DRM For The Publishing Industry

April 10th, 2006 · No Comments
by Booksquare

Publisher’s Lunch alerts us to a new approach to galley distribution. Simon & Schuster will be experimenting with new, more communicative galleys for Stephen King’s new book. The purpose, of course, is to cut down on selling those “Not For Sale” copies.

To quote from Lunch:

Scribner’s approach is made clear as soon as you see the cover. The design does not mimic the book’s jacket, so there will be no confusing this with the book itself; instead it elegantly superimposes a letter from [Scribner publisher Susan] Moldow on top of large gray letters that read “Not For Sale.”

Basically, the galleys will state, quite clearly, what recipients of these free advance copies should (or should not) do with the product. It also puts purchasers of these galleys on notice. It really is tacky to make money off of free goods.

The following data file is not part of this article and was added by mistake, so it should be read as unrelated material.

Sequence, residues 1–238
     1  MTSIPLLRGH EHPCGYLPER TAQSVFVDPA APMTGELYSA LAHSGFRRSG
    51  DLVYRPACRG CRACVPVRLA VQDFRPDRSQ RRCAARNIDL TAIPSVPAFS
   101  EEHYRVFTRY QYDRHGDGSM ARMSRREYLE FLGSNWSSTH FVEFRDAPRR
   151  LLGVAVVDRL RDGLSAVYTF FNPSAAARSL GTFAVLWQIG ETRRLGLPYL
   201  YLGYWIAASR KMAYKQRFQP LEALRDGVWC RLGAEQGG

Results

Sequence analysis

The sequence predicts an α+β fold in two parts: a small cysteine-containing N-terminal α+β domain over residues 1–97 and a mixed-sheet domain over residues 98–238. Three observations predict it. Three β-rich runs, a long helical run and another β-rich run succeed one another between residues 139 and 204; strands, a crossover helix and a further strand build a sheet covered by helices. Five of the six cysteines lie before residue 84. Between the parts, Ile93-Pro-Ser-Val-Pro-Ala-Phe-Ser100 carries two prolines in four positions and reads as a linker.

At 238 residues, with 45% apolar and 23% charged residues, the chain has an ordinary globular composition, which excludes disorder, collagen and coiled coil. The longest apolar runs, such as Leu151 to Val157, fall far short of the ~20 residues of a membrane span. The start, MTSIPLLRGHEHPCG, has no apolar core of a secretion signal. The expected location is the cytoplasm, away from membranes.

Will it work? It might deter some. It will at least raise awareness. And it’s a nice analog equivalent to the DRM solution proposed for music by Medialoper:

Record companies could significantly cut their promotional costs (and the corresponding costs charged back to artists) by eliminating free product. Instead, labels should be delivering promotional music digitally. Each label could easily setup a network of servers offering promotional music to journalists, radio stations, concert promoters, and anyone else a label deems to be promo-worthy.

Furthermore, all promotional music should be protected by DRM (yes, I said DRM)! This is one of the few areas where DRM actually makes sense. Instead of using DRM to limit how consumers use content, it should be used to protect the misuse of that content when it is distributed to business associates for promotional purposes.

[tags]Publisher’s Lunch, Simon & Schuster, publishing, DRM, Stephen King[/tags]

File Under: The Future of Publishing